If you’re referring to Independence Day, the best explanation i saw was that the Area 51 craft was studied and became the origins of human computing systems. Therefore, there was some compatibility between Geoff Goldblum’s laptop and the mothership.

    mogrim
    Member

    If you’re referring to Independence Day, the best explanation i saw was that the Area 51 craft was studied and became the origins of human computing systems. Therefore, there was some compatibility between Geoff Goldblum’s laptop and the mothership.

    There are some things that don’t need explanation, and Independence Day is one of them. Great film, but don’t try to justify the stupidity.

    And it’s Jeff Goldblum.

    (Far and away the easiest way of getting someone’s password is to go up to them and say “hey, what’s your password?”.)

    closely followed by looking at the post-it stuck on the underside of their keyboard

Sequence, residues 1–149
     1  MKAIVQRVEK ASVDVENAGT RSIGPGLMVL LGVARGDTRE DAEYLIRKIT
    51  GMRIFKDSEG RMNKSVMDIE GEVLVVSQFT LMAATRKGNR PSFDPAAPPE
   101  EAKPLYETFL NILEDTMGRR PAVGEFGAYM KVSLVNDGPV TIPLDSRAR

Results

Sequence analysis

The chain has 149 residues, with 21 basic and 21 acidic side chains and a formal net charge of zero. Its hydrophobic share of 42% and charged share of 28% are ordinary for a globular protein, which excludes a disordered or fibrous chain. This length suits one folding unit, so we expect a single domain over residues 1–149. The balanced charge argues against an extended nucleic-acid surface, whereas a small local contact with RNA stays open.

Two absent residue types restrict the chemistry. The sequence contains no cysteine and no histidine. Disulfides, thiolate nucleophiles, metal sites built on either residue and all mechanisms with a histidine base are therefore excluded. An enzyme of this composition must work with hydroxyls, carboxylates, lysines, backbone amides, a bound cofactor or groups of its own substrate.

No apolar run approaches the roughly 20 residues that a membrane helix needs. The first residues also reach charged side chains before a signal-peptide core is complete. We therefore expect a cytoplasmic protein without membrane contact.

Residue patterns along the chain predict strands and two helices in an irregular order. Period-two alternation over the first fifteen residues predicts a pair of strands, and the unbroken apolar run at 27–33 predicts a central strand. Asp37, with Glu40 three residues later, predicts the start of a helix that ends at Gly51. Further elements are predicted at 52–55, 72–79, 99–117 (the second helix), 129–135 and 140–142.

If you’re referring to Independence Day, the best explanation i saw was that the Area 51 craft was studied and became the origins of human computing systems. Therefore, there was some compatibility between Geoff Goldblum’s laptop and the mothership

    The best explanation I saw was that it was a film made primarily for an American audience

    Talk to me like i’m an idiot

    Mr Trump, how are you?

    CountZero
    Member

    Films are broadly bunk. The only films I’ve ever seen with a vague grasp on reality are War Games and Sneakers. And ever then you need a pinch of salt.

    Seeing Sneakers at the cinema, and knowing what exotic terms like RAM meant, won me a week long trip for two to LA! I’ll hear nothing bad about that film. πŸ˜€

    willard
    Member

    Mate of mine swears that Swordfish, if you take away a lot of the Hollywood bullshit, is actually not a bad film from a technical standpoint. But, but that rationale, Die Hard 4.0 would be a good film as well.

    It’s not.

    He does think that Nick Cage is a decent actor though, so is not to be trusted.